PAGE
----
Gravimetric analysis is a highly precise quantitative technique in analytical chemistry that measures an analyte based on its mass. It’s commonly used to determine sample concentration or analyte quantity.
Types of Gravimetric Analysis
There are two main types:
Precipitation Gravimetry: The analyte is precipitated from a solution, and the resulting solid is weighed.
- Involves converting analyte into a sparingly soluble precipitate
- Precipitate is filtered, washed, and converted to a product of known composition for weighing
- Example: Determining calcium in water using oxalic acid and ammonia to form calcium oxalate
Volatilization Gravimetry: Volatile compounds are removed from the sample, and the change in mass is measured.
- Commonly used for determining water and carbon dioxide
- Water is distilled by heating and collected using solid desiccants
- Direct method measures mass gain of the desiccant
- Indirect method measures loss of mass of the sample during heating (less reliable)
- Widely used for determining moisture in commercial products, like cereal grains
- Semi-automated instrument can directly measure percentage of moisture in a heated sample using an infrared lamp
|Features||Precipitation Gravimetry||Volatilization Gravimetry|
|Method||Converts analyte into a sparingly soluble precipitate||Distills water or other volatile components by heating|
|Process||Filter, wash, convert to known composition, and weigh||Collect on desiccants or measure loss of mass during heating|
|Applications||Determining calcium in water, for example||Determining water and carbon dioxide in samples|
|Reliability||Highly reliable, based on known composition of precipitate||Less reliable for indirect method, as it assumes only water is volatilized|
Factors Affecting in Gravimetric Analysis
A. Particle Size
The particle size of precipitates can range from tiny colloidal particles to larger particles in crystalline suspensions. Factors influencing precipitate size include solubility, temperature, reactant concentrations, and mixing rate. These factors can be accounted for using relative supersaturation:
Relative Supersaturation = (Q – S) / S
- Here, Q represents the solute concentration at any instant, and
- S is its equilibrium solubility.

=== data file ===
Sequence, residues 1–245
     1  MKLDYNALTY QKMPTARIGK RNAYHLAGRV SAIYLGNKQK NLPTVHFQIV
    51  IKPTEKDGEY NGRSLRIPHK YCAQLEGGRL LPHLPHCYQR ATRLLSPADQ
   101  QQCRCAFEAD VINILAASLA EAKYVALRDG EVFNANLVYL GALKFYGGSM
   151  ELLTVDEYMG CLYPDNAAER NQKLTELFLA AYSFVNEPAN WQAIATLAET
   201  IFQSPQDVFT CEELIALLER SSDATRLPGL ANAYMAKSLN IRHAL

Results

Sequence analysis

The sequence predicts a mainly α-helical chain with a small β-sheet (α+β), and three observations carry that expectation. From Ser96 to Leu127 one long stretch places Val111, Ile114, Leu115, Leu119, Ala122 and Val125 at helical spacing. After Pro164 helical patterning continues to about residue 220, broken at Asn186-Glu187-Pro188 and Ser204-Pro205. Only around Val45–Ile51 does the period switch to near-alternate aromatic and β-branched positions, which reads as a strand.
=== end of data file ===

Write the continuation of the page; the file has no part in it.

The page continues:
Since precipitation reactions are slow, some supersaturation is likely even with careful reagent introduction.
Particle size is inversely related to average relative supersaturation, with large supersaturation leading to colloidal precipitates and small supersaturation resulting in crystalline solids.
- Colloidal suspensions consist of tiny particles that don’t settle and are hard to filter. They scatter light, causing the Tyndall effect.
- Crystalline suspensions have larger particles (tenths of a millimeter or greater) that settle spontaneously and are easily filtered. The temporary dispersion of these particles is characteristic of crystalline suspensions.
B. Crystalline Precipitates
Crystalline Precipitates are more easily filtered and purified than coagulated colloids, and their particle size and filterability can be controlled to some extent.
Methods to Improve Particle Size and Filterability:
- Minimize Q or maximize S in the Relative Supersaturation equation by using dilute solutions, slow addition of the precipitating reagent, and good mixing.
- Increase S by precipitating from hot solutions or adjusting the pH.
- Digestion of crystalline precipitates (without stirring) after formation improves purity and filterability due to dissolution, recrystallization, and bridging between particles.
Coprecipitation is the removal of otherwise soluble compounds during precipitate formation. It’s not the same as contamination by a second substance whose solubility product has been exceeded. Four types of coprecipitation exist:
- Surface adsorption